After inmate death, N.C. lawmakers consider clearing records restrictions | News

After inmate death, N.C. lawmakers consider clearing records restrictions

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One year after a North Carolina inmate died of dehydration following a month-long stay in solitary confinement, state legislators want to nix bureaucratic restrictions that they say hindered the investigation of that prisoner’s death.

House Democratic Leader Larry Hall, of Durham, has joined one Republican and two Democrats in co-sponsoring House Bill 281, which would require the state Division of Adult Correction to turn over copies of all records to medical examiners in the event of an inmate’s death.

In a statement, Hall said state restrictions “seem to have limited the Office of the Medical Examiner in performing their duty” in investigating the death of Michael Kerr, a Sampson County man with a mental illness who died during his transfer to Raleigh’s Central Prison last March.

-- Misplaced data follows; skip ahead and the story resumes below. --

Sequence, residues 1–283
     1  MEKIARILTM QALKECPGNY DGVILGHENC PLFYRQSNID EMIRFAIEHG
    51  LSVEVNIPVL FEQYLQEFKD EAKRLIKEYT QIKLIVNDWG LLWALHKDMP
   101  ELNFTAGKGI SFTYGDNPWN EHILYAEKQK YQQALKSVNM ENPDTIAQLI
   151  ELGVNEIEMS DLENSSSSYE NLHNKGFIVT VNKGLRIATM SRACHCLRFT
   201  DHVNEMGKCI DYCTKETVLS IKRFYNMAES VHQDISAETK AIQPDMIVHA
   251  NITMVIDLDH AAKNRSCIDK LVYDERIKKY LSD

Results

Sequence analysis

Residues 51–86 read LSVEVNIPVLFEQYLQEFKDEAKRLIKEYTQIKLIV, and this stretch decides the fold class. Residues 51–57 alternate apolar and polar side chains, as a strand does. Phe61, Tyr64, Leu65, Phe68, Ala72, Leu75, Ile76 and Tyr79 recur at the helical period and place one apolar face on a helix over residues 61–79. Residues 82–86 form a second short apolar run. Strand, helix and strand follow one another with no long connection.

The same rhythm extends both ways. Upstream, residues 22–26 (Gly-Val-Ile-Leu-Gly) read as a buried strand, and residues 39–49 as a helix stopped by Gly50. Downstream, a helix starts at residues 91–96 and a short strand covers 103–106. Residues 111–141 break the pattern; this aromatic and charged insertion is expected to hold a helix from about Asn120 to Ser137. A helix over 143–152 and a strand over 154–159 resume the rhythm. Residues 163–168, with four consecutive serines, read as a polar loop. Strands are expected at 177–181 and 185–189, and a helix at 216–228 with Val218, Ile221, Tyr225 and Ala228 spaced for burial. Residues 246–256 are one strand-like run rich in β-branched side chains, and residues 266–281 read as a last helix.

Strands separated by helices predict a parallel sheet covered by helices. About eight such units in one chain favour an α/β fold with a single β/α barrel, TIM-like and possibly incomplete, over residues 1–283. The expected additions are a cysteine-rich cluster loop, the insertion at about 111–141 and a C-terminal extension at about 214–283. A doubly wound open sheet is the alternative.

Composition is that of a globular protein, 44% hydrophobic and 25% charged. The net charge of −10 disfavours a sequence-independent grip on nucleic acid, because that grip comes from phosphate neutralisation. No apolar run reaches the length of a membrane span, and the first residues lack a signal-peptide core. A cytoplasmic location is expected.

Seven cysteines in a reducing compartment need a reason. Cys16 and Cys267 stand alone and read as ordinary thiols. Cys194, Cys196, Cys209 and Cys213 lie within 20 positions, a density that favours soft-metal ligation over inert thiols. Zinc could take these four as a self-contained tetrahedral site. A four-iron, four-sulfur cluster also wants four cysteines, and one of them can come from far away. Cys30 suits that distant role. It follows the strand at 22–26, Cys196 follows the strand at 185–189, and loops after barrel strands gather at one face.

The Indy reported Kerr’s death last April, including allegations from multiple sources that Kerr was left handcuffed, covered in his own waste, without food or water in his isolated cell in Alexander Correctional Institution in Taylorsville. Prison workers were attempting to transfer Kerr to Central Prison, the state’s chief mental health facility for male inmates, when he died.

The legislation directs the prisons to provide “full and accurate” copies of all inmate records, including any made after the prisoner’s death, to medical examiners.

As of Monday, the bill had been assigned to the House's standing Health Committee.

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